The Big Problem With Coca-Cola Stock

by Ed Elfenbein | October 18, 2012 1:07 pm

I’m still surprised by the high price that Coca-Cola (NYSE:KO[1]) is fetching. The stock closed yesterday at $37.74, not far from a 52-week high. I just don’t see how that’s justified.

Let’s look at some numbers. Earlier this week, the company reported Q3 earnings of 51 cents per share[2], matching Wall Street’s estimate. As we’ve come to expect with companies that do a lot of business outside the U.S., the strong dollar took a bite out of Coke’s profits. Revenue rose only 1% to $12.34 billion, which was $70 million shy of Wall Street’s estimate. The rising greenback knocked 5 percentage points off revenue growth and 7 points off operating income growth. That’s unfortunate, but I doubt that headwind will last.

Coca-Cola (KO) -- Daily[3]

Still, Coke is going for 17.1 times next year’s earnings estimate. I just don’t see how Coke can justify an above-market premium in an environment like this. Coke’s earnings growth for the next five years is estimated to be 7.43%, which is 2.75% less than what’s expected of the S&P 500.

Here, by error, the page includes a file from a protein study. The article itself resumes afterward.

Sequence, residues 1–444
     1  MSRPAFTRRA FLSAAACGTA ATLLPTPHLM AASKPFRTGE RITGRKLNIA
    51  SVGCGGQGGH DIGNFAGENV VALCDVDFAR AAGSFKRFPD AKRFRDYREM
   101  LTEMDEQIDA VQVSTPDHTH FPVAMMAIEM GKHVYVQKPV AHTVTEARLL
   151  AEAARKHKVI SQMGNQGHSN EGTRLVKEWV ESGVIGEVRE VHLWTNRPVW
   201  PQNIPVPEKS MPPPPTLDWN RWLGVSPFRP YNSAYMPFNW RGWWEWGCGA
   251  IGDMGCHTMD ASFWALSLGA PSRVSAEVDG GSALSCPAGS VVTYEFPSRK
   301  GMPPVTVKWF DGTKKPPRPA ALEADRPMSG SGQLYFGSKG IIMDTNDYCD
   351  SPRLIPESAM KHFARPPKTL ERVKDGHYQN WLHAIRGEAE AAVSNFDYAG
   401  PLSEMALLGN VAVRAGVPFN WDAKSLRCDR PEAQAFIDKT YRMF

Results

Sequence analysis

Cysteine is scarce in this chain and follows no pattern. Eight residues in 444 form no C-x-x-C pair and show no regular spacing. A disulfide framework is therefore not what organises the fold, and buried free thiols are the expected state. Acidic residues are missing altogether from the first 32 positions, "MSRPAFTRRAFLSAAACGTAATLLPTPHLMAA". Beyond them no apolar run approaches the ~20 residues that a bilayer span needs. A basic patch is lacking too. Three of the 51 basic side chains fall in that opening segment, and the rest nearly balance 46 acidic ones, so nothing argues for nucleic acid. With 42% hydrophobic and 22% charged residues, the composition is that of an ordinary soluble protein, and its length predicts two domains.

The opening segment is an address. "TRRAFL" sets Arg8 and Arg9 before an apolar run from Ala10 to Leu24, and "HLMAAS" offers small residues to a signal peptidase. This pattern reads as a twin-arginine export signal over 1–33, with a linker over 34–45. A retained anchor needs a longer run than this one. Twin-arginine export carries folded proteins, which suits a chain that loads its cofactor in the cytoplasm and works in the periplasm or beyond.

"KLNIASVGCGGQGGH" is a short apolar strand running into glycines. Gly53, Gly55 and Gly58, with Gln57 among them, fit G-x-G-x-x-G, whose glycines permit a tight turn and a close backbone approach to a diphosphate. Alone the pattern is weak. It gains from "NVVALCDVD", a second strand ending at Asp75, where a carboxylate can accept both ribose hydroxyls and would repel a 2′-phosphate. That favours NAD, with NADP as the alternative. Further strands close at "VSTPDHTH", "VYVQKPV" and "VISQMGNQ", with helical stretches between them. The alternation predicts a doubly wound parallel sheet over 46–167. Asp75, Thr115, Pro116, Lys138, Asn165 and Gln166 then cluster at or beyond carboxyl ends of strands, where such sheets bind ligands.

The current quarterly dividend is 25.5 cents a share, which makes the payout ratio exactly 50%. For the S&P 500, the payout ratio is running close to 30%. Even with that high payout ratio, Coke’s dividend only comes to 2.7%. Many high-quality stocks are yielding much higher than that right now.

By my math, Coke’s fair value is close to $26. Perhaps investors see the Coke brand as similar to a U.S. Treasury. After all, there aren’t many better representatives of American capitalism that Coca-Cola. I think this way of thinking is a huge mistake, but I can see how some investors can justify a 17 P/E for Coke in a world where a five-year Treasury has a P/E of 130.

The major mispricing in the market right now is that investors are vastly overpaying for security, and are underpaying for risk. I believe this trend will slowly unwind — in fact, it’s already started. That explains why U.S. stocks have advanced this year even as earnings estimates have come down. The market is slowly reverting to normal.

  1. KO:
  2. 51 cents per share:
  3. [Image]:

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